Will Droughts Affect Food Prices in 2014?


Growing up in the Northeast, the word drought never really had much significance for me. Sure, I might have heard about it on the news once in a while but it rarely ever affected produce production or anything else in my hometown. Of course, I was not responsible for grocery shopping so I never really noticed the effect that a drought on the other side of the country could have on produce prices in New York.

This year, California is facing one of the worst droughts in modern history. Last year was dry and this year is even worse. When I first decided to write this article a couple of weeks ago, California was only at 9% of its average annual precipitation. After some decent rain in the last few days the state is still only at 20% of where it should be and farmers are already feeling the effects of this drought as planting season nears.

To put this into perspective, consider Shasta Lake in Northern California. As of this writing, Shasta Lake is 100 feet below its normal level. Literally, navigational buoys that normally float in the water are sitting on the dry lake bed (as seen below).


We live in a global economy and the fact is that the drought in California affects us all in some way or another. Although California’s Central Valley only represents 1% of the farmland in the United States, it produces 8% of our nation’s agricultural output by value. Over 230 crops are typically grown in the Central Valley each year – everything from tomatoes to grapes to almonds to olives and many others.

In fact, farmers in the Central Valley produce 70% of the world’s almonds supply totaling nearly 600 million pounds of almonds each year. The drought this year is so severe that many commercial farming operations have elected not to grow other crops in the hopes of saving their almond orchards during this water crisis.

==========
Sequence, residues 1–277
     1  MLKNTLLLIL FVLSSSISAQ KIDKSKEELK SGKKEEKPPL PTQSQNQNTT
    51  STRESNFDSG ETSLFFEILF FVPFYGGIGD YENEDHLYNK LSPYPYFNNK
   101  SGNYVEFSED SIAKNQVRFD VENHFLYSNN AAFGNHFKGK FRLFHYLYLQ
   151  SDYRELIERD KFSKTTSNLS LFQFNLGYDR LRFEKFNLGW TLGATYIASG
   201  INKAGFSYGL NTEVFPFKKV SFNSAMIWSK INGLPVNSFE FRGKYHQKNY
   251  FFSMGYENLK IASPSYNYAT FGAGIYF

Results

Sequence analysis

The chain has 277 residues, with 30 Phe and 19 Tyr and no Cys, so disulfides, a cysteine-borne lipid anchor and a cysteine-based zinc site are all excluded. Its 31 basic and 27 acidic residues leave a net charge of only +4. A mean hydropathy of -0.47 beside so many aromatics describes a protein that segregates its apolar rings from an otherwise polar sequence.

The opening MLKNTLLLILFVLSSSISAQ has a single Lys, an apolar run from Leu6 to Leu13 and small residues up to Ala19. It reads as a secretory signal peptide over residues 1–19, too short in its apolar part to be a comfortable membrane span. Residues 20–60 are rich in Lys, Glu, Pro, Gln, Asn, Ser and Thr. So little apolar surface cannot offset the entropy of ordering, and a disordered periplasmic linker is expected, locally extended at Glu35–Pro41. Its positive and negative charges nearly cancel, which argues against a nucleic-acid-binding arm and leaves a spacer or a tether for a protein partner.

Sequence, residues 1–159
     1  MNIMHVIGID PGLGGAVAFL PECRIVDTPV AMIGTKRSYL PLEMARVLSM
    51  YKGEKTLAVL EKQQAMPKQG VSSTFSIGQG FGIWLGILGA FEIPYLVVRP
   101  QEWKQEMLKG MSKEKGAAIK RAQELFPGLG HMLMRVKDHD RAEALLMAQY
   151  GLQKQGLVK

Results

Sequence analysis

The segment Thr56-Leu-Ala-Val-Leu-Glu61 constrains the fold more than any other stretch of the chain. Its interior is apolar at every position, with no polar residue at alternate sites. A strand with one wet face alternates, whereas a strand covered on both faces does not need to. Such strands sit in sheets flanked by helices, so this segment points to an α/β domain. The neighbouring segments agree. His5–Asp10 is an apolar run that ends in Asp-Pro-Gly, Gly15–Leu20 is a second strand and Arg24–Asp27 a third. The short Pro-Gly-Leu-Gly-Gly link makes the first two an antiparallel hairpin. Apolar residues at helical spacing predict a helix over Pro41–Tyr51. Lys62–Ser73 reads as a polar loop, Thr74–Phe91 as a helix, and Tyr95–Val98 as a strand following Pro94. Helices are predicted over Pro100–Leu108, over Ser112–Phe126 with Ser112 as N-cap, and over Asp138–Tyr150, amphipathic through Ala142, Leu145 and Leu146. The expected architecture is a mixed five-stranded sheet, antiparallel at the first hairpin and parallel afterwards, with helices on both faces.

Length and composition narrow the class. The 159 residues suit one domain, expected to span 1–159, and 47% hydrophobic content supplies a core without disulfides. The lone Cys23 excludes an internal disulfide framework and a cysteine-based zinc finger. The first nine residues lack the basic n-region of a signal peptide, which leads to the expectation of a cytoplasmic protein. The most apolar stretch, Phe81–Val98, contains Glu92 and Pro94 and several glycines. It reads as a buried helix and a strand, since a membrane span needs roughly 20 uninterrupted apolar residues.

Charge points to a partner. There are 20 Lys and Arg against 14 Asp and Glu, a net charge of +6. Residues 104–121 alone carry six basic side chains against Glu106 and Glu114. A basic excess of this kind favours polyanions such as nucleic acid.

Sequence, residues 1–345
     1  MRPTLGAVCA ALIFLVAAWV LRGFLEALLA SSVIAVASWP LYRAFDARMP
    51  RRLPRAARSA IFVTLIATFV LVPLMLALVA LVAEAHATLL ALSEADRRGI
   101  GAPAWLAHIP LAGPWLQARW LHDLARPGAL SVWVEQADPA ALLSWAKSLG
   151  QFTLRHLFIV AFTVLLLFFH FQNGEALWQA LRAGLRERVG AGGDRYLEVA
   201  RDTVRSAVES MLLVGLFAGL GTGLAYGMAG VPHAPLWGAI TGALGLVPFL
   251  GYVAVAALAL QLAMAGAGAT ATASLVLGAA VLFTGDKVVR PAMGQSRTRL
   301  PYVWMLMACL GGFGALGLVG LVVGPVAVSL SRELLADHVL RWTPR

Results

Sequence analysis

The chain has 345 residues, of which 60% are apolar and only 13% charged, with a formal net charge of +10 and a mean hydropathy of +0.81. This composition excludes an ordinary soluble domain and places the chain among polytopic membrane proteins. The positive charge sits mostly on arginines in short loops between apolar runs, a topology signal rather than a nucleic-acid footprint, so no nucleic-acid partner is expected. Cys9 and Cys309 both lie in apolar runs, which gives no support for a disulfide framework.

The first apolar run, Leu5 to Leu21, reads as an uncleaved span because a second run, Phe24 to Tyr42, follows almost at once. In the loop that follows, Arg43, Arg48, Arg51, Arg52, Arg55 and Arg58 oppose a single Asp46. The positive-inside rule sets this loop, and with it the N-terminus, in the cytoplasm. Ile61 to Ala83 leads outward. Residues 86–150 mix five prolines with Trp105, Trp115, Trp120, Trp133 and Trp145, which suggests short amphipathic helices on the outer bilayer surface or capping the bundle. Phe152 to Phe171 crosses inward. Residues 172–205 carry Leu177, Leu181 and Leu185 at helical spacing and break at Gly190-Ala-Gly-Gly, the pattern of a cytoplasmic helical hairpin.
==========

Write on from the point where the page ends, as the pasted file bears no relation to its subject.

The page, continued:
It doesn’t matter if you live in the rainiest city in America, this drought will affect you and your family. Higher prices at the grocery store for both produce and derivative products are one of the most noticeable changes. I went to purchase a bottle of olive oil at the grocery store the other day and already the price has doubled from what it was just a few weeks ago. Unfortunately, it will continue to get worse as supplies dwindle.

In addition to higher prices, consider the lost revenue already being experienced by farmers. With only a fraction of the water allotment normally provided to each farm, many farms are being forced to cut production drastically and in some cases, not plant any seeds at all. This lost revenue hurts the economy tremendously in an area almost completely dependent on farm revenue to stay afloat.

Another serious economic impact is the loss of jobs. One news outlet recently reported that as many as 4,000 jobs have been lost already as a direct result of this year’s drought. In some communities, this means unemployment rates as high as 40% and lines of people waiting to get a meal from aid stations that have been set up throughout the Central Valley.

As a society, we have become dependent on commercial agriculture. Even those of us who try to live a resilient lifestyle take for granted the availability of fresh produce in the local grocery store. The seriousness of this drought serves as a reminder to us all that nothing is guaranteed and that resiliency is much more important than a simple “lifestyle” choice.

The serious drought in California is affecting more than just farmers. Water shortages in many counties have left residents without water for gardening and other essential tasks. Some people have resorted to purchasing large bottles of water, but this is not economically feasible for everyone.

Cattle farmers are also feeling the strain. The lack of water has forced many ranchers to sell some or all of their cattle as there is simply not enough water to support the herd. This could severely impact the price of meat; although it is likely to be a more localized problem (unlike produce prices).